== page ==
No More Spindly Plants!
Lester C. Fretz
Growing vegetable plants indoors has some limitations which can easily be overcome. Probably growing one’s own tomato plants indoors is most common. With limited indoor lighting, preventing the plants from becoming spindly is a challenge, however it’s easy to prevent.
The accompanying photo illustrates how vigorous plants can be grown indoors. The paper cup has been cut away solely to illustrate an easy and creative way to grow plants which will not be spindly. In addition, this method also produces a much better root system than the plants one normally buys.
The cut-away shows how about an 3 cm. of soil is placed in the bottom of a cup. A seed is then sown in the top 1 cm of the moist soil and then placed in a warm, well lit location. The third week of March is a good time to do this.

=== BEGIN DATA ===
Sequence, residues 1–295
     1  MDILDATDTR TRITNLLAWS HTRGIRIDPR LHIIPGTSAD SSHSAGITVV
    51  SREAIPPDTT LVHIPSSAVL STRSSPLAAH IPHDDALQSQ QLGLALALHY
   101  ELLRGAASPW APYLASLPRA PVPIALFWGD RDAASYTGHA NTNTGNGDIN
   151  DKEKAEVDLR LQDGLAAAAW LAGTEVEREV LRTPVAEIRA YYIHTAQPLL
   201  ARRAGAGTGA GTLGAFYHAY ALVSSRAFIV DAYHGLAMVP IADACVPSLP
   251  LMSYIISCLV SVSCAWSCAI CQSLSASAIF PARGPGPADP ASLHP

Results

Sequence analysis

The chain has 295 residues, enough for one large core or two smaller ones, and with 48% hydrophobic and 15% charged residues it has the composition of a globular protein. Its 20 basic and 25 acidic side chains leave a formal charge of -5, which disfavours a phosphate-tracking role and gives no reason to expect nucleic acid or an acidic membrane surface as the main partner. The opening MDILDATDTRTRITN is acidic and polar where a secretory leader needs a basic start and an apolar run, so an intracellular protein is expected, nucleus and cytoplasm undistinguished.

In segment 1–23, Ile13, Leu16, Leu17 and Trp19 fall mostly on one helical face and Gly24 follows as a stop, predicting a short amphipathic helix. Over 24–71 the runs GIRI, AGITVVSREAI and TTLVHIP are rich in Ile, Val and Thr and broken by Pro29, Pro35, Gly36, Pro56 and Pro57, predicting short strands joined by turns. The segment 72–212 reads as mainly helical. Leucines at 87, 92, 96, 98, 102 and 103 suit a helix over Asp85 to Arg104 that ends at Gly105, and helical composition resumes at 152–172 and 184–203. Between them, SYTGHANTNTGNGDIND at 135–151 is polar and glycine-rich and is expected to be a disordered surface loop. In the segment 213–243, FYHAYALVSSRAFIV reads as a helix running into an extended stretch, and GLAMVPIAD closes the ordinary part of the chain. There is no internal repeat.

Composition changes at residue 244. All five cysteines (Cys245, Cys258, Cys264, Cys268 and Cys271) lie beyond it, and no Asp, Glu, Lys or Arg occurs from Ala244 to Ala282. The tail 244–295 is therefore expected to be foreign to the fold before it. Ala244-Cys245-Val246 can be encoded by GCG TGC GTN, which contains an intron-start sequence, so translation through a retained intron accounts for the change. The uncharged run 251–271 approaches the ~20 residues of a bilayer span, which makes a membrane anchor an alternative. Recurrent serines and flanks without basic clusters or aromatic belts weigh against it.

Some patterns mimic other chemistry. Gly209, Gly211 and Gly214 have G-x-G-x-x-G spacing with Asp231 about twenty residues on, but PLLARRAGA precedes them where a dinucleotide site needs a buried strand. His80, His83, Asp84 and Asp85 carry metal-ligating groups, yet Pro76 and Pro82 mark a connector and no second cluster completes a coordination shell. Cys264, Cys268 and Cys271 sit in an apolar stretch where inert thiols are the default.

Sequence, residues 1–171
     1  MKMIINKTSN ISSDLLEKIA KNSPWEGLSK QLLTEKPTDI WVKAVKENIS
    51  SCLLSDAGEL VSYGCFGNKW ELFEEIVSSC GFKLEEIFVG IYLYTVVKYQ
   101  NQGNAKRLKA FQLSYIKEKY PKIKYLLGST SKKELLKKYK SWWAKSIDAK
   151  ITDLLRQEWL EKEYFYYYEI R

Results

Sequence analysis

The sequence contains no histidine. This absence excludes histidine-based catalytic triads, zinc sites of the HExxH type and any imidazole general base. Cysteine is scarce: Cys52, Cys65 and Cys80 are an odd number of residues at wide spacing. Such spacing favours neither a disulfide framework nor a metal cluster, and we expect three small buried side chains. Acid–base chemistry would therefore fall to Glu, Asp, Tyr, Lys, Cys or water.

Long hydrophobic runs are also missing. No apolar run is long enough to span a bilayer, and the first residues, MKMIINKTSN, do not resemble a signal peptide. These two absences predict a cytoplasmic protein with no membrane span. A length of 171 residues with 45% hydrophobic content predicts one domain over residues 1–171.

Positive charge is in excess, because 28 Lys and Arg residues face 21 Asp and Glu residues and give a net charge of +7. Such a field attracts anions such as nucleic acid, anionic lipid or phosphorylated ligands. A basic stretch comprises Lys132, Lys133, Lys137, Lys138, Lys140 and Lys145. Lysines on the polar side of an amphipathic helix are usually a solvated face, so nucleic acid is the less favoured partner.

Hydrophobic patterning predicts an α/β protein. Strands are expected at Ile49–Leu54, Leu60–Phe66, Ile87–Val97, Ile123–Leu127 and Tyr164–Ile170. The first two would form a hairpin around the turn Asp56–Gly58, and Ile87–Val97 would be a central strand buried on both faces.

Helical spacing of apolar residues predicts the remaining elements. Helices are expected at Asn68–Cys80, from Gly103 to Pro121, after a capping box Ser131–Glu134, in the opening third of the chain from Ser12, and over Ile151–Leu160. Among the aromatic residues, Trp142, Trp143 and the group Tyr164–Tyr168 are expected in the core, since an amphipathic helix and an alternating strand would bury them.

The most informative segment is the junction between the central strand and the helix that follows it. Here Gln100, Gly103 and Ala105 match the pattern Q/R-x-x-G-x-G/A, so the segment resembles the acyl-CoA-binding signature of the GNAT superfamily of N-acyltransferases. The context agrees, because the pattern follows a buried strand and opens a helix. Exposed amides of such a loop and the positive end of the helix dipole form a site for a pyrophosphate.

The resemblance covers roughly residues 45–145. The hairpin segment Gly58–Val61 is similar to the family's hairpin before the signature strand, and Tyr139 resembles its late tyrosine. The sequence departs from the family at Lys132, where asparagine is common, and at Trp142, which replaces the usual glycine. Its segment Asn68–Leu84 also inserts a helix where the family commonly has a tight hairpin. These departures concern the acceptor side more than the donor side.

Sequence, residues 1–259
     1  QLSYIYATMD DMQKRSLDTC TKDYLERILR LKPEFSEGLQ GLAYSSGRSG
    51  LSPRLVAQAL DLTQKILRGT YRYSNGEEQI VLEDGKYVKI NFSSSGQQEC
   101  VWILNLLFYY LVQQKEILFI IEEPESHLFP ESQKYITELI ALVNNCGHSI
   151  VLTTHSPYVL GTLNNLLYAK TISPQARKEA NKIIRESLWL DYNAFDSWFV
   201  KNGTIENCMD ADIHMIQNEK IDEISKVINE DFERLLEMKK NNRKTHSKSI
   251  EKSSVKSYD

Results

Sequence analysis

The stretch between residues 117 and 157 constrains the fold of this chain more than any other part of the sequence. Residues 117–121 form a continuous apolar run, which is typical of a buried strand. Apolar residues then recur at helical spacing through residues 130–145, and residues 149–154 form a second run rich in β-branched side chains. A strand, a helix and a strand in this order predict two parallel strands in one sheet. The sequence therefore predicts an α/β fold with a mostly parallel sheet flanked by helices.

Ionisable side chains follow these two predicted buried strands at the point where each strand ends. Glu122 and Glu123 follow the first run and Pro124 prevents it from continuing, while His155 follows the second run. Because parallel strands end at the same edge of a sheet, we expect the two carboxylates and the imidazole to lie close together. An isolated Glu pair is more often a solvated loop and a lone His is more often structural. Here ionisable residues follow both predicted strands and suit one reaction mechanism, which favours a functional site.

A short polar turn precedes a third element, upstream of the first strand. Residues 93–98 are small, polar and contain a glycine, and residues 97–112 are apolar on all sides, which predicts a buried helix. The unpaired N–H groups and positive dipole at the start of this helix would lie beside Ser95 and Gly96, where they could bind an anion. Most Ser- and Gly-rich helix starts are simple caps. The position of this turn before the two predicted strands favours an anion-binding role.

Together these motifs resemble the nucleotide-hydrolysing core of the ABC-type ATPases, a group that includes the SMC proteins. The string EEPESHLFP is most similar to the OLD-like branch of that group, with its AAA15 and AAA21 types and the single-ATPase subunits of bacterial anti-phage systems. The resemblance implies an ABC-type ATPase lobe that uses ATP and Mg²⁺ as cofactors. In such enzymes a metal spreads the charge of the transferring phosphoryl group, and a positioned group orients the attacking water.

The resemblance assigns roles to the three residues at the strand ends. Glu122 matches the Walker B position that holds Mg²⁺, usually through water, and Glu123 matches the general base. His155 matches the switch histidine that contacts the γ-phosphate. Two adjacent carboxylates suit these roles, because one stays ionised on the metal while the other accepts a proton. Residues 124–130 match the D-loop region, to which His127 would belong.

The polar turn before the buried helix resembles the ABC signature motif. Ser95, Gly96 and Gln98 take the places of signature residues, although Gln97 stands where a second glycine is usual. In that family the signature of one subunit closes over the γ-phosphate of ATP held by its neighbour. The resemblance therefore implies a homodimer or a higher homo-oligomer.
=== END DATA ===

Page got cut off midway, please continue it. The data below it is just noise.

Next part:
As the seedling grows, keep adding soil up to its lower leaves. This will not only keep the plant strong and sturdy but it will also induce roots along its entire stem.
As soil is added, compacting will make the removal of the rooted plant from its “pot” more suitable for transplanting. Carefully remove the cup and place the plant and soil into a hole of comparable depth. Remember also to put a handful of crushed egg shells in the hole to prevent blossom end rot while watering with a high phosphorous soluble fertilizer.